Lodinews.com

default avatar
Welcome to the site! Login or Signup below.
|
||
Logout|My Dashboard

Commodity of the future: Olive oil

San Joaquin County’s crop growing stronger every year; rivals France

Print
Font Size:
Default font size
Larger font size

Posted: Wednesday, June 30, 2010 12:00 am

Just like the Arbequina olives in Mike Coldani’s Lodi orchard near Interstate 5 and Flag City, San Joaquin County’s future in olive oil production is growing stronger by the day. Five years ago, Coldani’s family started planting olive trees. They are part of a larger trend that is sweeping the county.

According to a recently released report from the San Joaquin County Agricultural commissioner, improved harvesting techniques have led to more acres of olives being planted around the county for olive oil production. San Joaquin County accounts for 35 percent of California’s olive oil-producing trees and ranks second in acreage devoted to the plants. The report estimates 10,000 trees each year will be added to the state’s olive orchards.

“This coming winter we will produce over 1 million gallons of olive oil unless there is a major crop failure,” said Patricia Darragh, executive director of the California Olive Oil Council. “Once we hit the 1 million gallon mark, we will pass France.”

Darragh was talking about olive oil production throughout California, but said a definite trend in visible in San Joaquin County. “It’s a pretty high-producing county and it’s growing so fast,” she said.

Growers like Coldani are at the forefront. On Tuesday afternoon he was walking up and down the rows at the orchard, checking the drip irrigation lines and paring back branches to control the growth of the six-foot-tall trees.

The olives, which bloomed a month ago, are slightly larger than pennies and will continue to grow on the trees until the November harvest.

“These are a high-density variety and they are immune to a lot,” he said.

The Arbequina olives can be vulnerable to diseases in the soil, such as Verticillium Wilt, Coldani said, especially if row crops like tomatoes were grown on the land before it.

“It gets drawn up through the soil into the trees,” he said.

He has seen it on his trees occasionally but has sprays that can eliminate it, he said.

The major pest growers need to be worried about, Darragh said, is the Olive Fruit Fly. However, the California Department of Food and Agriculture has approved organic pesticides growers can use to combat it.

“There are no major issues at this point,” she said.

The trees are resilient and don’t need much water once they are established, Coldani said. Coldani gets about three to four tons of olives per acre during harvest. Once the trees mature, they can last for decades.

“There are 100-year-old olive trees,” Coldani said.

Although he is unsure how long the Arbequina olive trees in his orchard will thrive, he said he expects them to last for another 20 to 35 years.

The biggest reason for the spike in olive trees being planted in San Joaquin County comes from the new methods for harvesting them, Coldani said.

Growers can use drip irrigation and grow the trees close together. When harvest comes, mechanized harvesters can roam the rows and save time, energy and money.

“We can get the olives off the trees and to the mill in a matter of hours,” Coldani said. “Before the olives could sit for a few days and basically start to ferment while they were waiting.”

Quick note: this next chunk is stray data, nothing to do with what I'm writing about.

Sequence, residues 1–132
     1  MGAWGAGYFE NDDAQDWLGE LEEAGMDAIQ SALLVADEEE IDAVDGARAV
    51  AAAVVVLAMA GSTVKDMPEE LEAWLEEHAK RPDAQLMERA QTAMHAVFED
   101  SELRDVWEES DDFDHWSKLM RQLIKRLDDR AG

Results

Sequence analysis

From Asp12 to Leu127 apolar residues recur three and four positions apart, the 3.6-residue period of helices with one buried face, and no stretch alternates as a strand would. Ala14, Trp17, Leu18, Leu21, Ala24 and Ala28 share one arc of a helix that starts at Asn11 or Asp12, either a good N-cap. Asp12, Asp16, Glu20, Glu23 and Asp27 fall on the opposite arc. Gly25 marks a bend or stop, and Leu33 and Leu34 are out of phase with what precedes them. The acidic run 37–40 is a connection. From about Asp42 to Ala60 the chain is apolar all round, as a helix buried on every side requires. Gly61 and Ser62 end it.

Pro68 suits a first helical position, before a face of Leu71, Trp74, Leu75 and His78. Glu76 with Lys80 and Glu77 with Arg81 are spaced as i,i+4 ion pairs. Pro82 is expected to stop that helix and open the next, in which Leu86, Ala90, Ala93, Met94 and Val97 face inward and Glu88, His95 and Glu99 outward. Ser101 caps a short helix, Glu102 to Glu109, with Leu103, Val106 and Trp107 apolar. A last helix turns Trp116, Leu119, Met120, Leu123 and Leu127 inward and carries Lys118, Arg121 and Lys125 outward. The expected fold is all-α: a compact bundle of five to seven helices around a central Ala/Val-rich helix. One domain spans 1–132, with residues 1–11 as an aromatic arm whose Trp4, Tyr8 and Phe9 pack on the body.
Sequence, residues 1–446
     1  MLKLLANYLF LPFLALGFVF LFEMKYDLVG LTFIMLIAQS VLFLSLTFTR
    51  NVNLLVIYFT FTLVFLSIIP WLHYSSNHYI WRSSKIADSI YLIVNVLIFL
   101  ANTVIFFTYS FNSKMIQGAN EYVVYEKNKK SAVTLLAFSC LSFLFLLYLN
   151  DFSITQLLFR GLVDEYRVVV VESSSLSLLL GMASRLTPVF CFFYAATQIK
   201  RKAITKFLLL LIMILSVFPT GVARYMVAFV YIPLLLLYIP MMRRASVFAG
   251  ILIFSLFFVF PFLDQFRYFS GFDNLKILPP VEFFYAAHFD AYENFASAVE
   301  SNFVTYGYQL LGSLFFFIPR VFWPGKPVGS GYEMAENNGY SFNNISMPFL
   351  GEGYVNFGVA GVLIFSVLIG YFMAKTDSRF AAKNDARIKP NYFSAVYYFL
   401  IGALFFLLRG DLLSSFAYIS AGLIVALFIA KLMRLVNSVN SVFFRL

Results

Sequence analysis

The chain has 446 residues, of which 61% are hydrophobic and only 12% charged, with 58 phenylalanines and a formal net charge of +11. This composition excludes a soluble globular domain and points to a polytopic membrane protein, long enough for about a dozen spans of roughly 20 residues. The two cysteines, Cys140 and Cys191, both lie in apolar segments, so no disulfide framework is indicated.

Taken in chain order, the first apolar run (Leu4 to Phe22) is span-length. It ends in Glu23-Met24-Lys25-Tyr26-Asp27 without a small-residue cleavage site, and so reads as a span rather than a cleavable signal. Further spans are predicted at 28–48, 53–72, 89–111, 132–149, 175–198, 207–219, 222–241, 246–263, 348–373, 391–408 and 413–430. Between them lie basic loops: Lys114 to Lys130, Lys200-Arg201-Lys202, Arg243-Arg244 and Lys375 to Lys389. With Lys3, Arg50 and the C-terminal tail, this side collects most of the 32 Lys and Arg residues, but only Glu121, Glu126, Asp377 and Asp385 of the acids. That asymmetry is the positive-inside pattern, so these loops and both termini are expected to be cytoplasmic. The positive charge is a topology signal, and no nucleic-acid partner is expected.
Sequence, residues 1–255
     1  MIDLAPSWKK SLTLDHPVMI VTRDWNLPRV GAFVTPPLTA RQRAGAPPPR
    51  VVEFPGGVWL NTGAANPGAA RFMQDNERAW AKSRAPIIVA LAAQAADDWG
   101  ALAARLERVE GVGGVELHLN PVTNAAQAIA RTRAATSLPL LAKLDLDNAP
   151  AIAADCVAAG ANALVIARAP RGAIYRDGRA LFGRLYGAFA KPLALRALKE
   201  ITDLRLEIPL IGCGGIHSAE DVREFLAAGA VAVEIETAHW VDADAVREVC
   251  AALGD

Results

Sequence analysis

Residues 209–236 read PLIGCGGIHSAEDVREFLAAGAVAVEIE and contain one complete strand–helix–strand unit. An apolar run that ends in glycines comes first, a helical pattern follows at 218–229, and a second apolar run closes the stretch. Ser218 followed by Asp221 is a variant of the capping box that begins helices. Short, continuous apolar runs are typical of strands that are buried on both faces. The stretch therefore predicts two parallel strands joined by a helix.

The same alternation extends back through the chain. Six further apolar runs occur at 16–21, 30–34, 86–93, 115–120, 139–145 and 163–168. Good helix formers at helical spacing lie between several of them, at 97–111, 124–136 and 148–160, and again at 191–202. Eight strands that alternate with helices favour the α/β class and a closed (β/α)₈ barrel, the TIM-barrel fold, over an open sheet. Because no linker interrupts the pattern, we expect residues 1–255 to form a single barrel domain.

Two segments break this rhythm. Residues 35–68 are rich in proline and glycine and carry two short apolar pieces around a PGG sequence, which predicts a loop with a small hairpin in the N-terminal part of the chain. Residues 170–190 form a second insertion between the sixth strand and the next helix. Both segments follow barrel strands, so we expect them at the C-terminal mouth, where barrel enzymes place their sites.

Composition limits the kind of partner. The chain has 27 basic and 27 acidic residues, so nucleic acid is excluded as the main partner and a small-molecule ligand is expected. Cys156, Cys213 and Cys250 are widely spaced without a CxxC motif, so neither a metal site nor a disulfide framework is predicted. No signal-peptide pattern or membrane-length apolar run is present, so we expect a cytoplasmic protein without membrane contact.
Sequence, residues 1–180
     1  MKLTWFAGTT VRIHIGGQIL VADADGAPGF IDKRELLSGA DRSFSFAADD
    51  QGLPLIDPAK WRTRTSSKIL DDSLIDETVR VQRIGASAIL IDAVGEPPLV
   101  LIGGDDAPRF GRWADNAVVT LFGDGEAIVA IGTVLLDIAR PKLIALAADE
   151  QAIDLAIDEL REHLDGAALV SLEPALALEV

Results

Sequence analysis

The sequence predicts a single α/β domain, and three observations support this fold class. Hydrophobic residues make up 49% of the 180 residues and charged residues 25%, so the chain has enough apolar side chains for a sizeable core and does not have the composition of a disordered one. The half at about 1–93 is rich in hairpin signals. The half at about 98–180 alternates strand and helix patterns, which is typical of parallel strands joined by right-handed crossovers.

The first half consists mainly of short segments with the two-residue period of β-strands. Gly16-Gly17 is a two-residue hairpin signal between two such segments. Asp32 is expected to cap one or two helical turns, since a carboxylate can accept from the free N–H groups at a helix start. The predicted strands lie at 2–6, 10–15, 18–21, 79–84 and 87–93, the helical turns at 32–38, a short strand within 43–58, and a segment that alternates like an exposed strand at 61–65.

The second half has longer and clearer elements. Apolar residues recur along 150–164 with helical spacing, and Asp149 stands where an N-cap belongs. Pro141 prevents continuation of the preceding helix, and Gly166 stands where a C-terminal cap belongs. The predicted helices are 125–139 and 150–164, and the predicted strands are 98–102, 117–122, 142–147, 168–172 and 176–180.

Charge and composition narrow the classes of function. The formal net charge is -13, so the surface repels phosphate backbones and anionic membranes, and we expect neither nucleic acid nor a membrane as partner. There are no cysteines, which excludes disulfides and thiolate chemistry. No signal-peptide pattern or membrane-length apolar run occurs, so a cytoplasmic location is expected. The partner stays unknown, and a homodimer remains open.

The industry is on the rise, and there is no sign the trend in San Joaquin County will taper off anytime soon, Darragh said.

“We’re predicting for next decade it will continue to grow,” she said. “There is a lot of land available and we don’t see it dropping off.”

Contact reporter Jordan Guinn at jordang@lodinews.com.

Rules of Conduct

  • 1 Use your real name. You must register with your full first and last name before you can comment. (And don't pretend you're someone else.)
  • 2 Keep it clean. Please avoid obscene, vulgar, lewd, racist or sexually oriented language.
  • 3 Don't threaten. Threats of harming another person will not be tolerated.
  • 4 Be truthful. Don't lie about anyone or anything. Don't post unsubstantiated allegations, rumors or gossip that could harm the reputation of a person, company or organization.
  • 5 Be nice. No racism, sexism or any sort of -ism that is degrading to another person.
  • 6 Stay on topic. Make sure your comments are about the story. Don't insult each other.
  • 7 Tell us if the discussion is getting out of hand. Use the 'Report' link on each comment to let us know of abusive posts.
  • 8 Share what you know, and ask about what you don't.

Welcome to the discussion.

1 comment:

  • posted at 8:08 am on Wed, Jun 30, 2010.

    Posts:

    Nice story, Jordan! I was amazed when I saw "row" olive trees for the first time. They looked like an odd vineyard at first.

     

Video

Popular Stories

Poll

Should graduations return to the Grape Bowl?

Lodi Unified leaders are moving Lodi and Tokay high school graduations from the Grape Bowl to the Spanos Center at UOP in Stockton. They cite limited seating, costs and unpredictable weather at the Grape Bowl. But others say graduations at the Grape Bowl are an important Lodi tradition, and one reason many supported renovating the stadium. What do you think?

Total Votes: 91

Loading…

Mailing List

Subscribe to a mailing list to have daily news sent directly to your inbox.

  • Breaking News

    Would you like to receive breaking news alerts? Sign up now!

  • News Updates

    Would you like to receive our daily news headlines? Sign up now!

  • Sports Updates

    Would you like to receive our daily sports headlines? Sign up now!

Manage Your Lists